Living Below Your Means
A Christmas Story

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By BlueGrits
December 21, 2007

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Ed. Note: The Post of the Day will be on hiatus until after the holidays. See you next year!

If water is the "gift of life," then our family owed its life to Barbara and Richard B.

The well in our home was too shallow for the water to be palatable so one of my jobs as a kid was to haul water from our neighbors, Barbara and Richard (whom I'll now refer to as B&R). I'd walk about a block to their house, fill four bleach jugs with water from their hose, and then carry them home.

But B&R were more than that. Barbara was a friend and source of consolation to my mother and often helped when emergencies - major or minor occurred. Richard loved the Gulf and many a time he brought over fish, crabs, or oysters. For a family struggling to make ends meet and which sometimes ate courtesy of food stamps or the church poor box, this meant a lot.

Both our homes got slight damage in Betsy ('66); in Camille ('69), their home was okay while we lost about 1/3 of our "new" tin roof put up after Betsy. Fortunately, all the water we got in the house (9") was courtesy of the roof being gone and not flooding. In Katrina, both homes got about 14 FEET of water, and there this tale begins.

B&R finally listened to their children and evacuated, but when they got home all they could do was look at the remnants of their home and cry. Richard had built the home himself in the 50's using scraps of wood and other supplies he could scrounge. The home was modest, yet built so substantially the post-Katrina demo team remarked on it. There, B&R raised three children while Richard supported the family as a painter doing both residential and commercial work. It was now all gone. Richard, terminal with cancer, would say, "Please don't let me die in a FEMA trailer."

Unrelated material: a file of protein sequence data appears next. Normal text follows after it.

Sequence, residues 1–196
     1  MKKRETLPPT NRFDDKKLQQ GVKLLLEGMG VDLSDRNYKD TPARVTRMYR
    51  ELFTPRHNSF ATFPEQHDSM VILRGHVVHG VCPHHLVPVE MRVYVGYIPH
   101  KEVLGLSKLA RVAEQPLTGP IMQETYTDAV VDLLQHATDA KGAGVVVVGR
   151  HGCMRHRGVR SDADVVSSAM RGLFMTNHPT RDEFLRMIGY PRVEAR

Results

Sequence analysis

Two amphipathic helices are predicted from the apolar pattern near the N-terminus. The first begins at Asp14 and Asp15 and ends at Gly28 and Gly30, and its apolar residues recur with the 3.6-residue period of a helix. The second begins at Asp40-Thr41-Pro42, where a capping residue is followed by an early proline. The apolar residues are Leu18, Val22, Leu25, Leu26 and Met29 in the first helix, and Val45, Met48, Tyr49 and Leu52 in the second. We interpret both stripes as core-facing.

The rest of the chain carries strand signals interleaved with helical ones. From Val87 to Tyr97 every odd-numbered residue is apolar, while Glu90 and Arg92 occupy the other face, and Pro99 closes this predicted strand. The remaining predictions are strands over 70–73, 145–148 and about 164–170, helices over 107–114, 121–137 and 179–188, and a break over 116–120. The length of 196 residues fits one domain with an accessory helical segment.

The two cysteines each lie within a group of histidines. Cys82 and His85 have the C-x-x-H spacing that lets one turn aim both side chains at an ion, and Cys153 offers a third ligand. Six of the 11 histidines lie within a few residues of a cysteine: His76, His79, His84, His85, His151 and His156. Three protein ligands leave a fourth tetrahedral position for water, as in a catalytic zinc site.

[Note: The Post of the Day will be on hiatus until after the holidays. See you next year!]

�Government assistance was very slow in coming, and it seemed that every new day brought a new form and a promise -- but only that. Individuals and groups began stopping by to ask what they could do, but the city had yet to set building standards so construction couldn't even begin. And still they remained in the FEMA trailer.

At last some money did come in but even coupled with donations it wouldn't be enough to meet the new city building codes which required them to be up about 14 feet in the air. B&R stopped to talk with a group of Amish volunteers which had come down from PA to help storm victims, and then got on their list of people needing construction help.

Construction began, but it nearly killed Richard not to help as he'd been in or around construction all his life. He did, though, really like the Amish because they worked like him or, as he said, "They don't fool around - just show up, pray, work, eat lunch, work, and go home." That was high praise from Richard who had such a reputation as a hard worker that he had difficulty finding help who could keep up with him.

But B&R are now in their home -- and a nice home at that. Since Richard can't do the stairs, they put in a one-person elevator and are hoping that'll be paid for with some aid money, should more still arrive. When I went over in August and saw them, they were so happy about how everything had turned out. I told them, "You built your first house of wood and nails; you built this one out of faith."

Richard's health continues to decline, but he won't recognize it. A couple of weeks ago he was doing something in the yard and fell over into the ditch. Passersby helped him out and he made it to the elevator under his own power. Barbara rushed him to the hospital to get stitches and shots. Barbara has also begun having problems and recently had a radical mastectomy. When being fitted for the artificial breast, Barbara told the doctor, "I told Richard that he can have it at night to play with, but I need it during the day." She said the doctor laughed so hard he fell off the stool.

This December they will celebrate Christmas in their new home. I'll be in MS visiting a sister of mine over the holidays, then I'll swing down and spend a few days with B&R. Here are their pictures.